Takeaway: Qualitative and quantitative data each play a different role in strengthening your safety program.
When most people think of data, they think of the quantitative stuff. All the things that are easy to count, measure, and sum up. But if that’s the only kind of information you’re collecting, you won’t be able to optimize your safety outcomes.
Quantitative and Qualitative: What’s the Difference?
- Quantitative data is any information collected that is represented in numerical value. This includes familiar measurements like weight, height, and temperature.
- Qualitative data is any information collected that is not represented by a numerical value. Your co-workers’ hair color, gender, and how they feel about Game of Thrones could all count as qualitative data.
Safety data needs to include both kinds of information. It’s the only way to make sure all angles are being considered.
Quantitative data is easier to analyze because it can be plugged directly into equations and algorithms. But qualitative data is crucial to helping you pull everything together and look at the bigger picture. In other words, it’s your key to finding out not just what is happening but why it’s happening. It typically takes more time and effort to analyze it, but the results are often far more informative.
Quantitative Data in Safety
Chances are you’ve compiled an a bunch of impressive quantitative information about your company. At a moments notice, you can pull up numbers and percentages that record days away from work, incident rates, probability of adverse events occurring, and insurance figures. These figures will give you an overview of how your workplace is doing in terms of safety.
Collecting this information and maintaining this kind of database is incredibly helpful. You can find out which areas need the most urgent attention. You can look at trends in incident rates to figure out whether the training program you implemented had a measurable impact. You can compile workers’ compensation costs to find out exactly how much money you’d save by meeting stricter safety targets (learn about the Benefits of Mobile Data Collection in Condition-Based Asset Management).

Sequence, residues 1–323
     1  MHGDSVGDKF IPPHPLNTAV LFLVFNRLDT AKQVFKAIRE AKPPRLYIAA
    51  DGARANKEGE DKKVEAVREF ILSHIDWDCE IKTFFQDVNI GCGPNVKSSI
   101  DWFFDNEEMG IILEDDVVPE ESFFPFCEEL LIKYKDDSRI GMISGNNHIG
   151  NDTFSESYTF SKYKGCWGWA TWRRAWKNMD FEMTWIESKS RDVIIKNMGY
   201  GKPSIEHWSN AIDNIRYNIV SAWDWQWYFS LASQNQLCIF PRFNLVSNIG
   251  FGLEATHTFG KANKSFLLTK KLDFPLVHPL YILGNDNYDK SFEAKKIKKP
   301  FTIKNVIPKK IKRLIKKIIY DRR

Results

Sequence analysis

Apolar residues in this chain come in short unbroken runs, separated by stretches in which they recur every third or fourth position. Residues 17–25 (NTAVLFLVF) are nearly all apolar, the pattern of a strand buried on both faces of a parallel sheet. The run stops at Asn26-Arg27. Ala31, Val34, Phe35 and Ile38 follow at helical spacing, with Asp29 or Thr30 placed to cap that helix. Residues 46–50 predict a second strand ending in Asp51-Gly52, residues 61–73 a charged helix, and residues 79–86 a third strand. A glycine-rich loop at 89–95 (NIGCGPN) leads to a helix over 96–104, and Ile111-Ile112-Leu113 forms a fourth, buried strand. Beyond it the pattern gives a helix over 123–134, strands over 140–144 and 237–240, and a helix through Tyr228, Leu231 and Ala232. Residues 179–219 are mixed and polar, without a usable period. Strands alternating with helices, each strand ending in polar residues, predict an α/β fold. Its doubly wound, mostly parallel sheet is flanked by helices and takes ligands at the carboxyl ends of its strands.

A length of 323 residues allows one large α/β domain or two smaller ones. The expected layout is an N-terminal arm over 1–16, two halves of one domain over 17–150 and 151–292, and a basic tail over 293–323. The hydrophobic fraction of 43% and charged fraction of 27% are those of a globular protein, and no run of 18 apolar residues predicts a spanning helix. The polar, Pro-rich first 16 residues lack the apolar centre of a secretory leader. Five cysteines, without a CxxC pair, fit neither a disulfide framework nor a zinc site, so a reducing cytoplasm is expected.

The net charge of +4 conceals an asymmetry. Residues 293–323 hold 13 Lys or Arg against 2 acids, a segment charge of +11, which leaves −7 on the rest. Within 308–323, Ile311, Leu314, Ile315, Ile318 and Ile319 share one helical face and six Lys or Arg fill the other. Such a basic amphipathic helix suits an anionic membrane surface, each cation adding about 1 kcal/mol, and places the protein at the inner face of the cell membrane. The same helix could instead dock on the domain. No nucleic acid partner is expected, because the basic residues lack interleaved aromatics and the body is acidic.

It can also be a great tool for getting upper management on board with improvements to the safety program. Showing them the numbers makes the problem concrete. And, of course, putting all the financial costs together makes a compelling case for working to reduce incident rates.
The one thing it doesn’t do, however, is show you what’s beneath the surface.
Qualitative Data in Safety
Qualitative data makes up the bulk of safety-related data. It includes things like the level of employee morale, the sequence of events that lead up to incidents, and the root causes behind workplace injuries. It’s the kind of thing you’ll uncover by interviewing employees and combing through audit findings.
Qualitative data is harder to analyze – you can’t just plug a few numbers into your system. But it’s worth the effort. If your incident rates climb, it’s the qualitative data that will tell you it’s because employees are feeling more stress and pressure than before (learn about Managing Employee Burnout to Reduce Deadly Accidents). It’s what shows you that the company might have saved on compensation costs if the workplace was better organized. It’s also where you’ll find employee feedback on how to improve safety in your workplace.
If the quantitative data shows a string of safety violations, that leaves you with few questions. Do the employees not know the correct procedures? Are they skipping them because they feel rushed? Or do they just need some refresher training? To find the answer, you’ll need to look beyond the numbers.
How to Analyze Qualitative Data
One straightforward way to analyze qualitative data is to simply translate it into quantitative data. In other words, you simply assign the qualitative information a numerical value. You could, for example, ask employees to rate their engagement on a scale of 1 to 10 and analyze the results numerically.
You should be careful not to make these conversions too broad. Looking at the rate of incidents is helpful, but it can be very instructive to break it down by categories like falls, chemical exposure, and ergonomic injury. Likewise, instead of trying to quantify your employees’ general level of engagement, consider breaking it down by asking them to rate their morale, job satisfaction, and stress levels.
If that sounds overwhelming, remember that data collection systems can help you do this. Auditing software, for instance, can walk you through the audit process and analyze the information you enter into it, even if it’s not strictly numerical (if you’re skeptical, consider these Top 3 Objections to EHS Software and What They Get Wrong).
And, of course, you should also look over the qualitative data in its raw form. Listen to the employees or read their interview transcripts. Pore over the incident reports to look for patterns in the sequences of events that lead to accidents. Listen out for the sources of dissatisfaction in worker complaints.
It’s not as straightforward as punching in the numbers, and it requires some careful thought and attentive conversation. But that’s to be expected. Workplace safety often requires a scientific approach, but there’s also an art to it.
Quantitative data is essential. Workplace safety is too important to be left up to chance and subjective impressions.
But without qualitative data, it can be difficult to know how to remedy your company’s safety issues. Are the workers not wearing their safety glasses because they feel rushed? Do they think wearing them is pointless? Or are the glasses too uncomfortable? Unless you know, you might waste time and money chasing after the wrong solution.
Don’t miss out on the bigger picture. Make qualitative data an integral part of your safety program.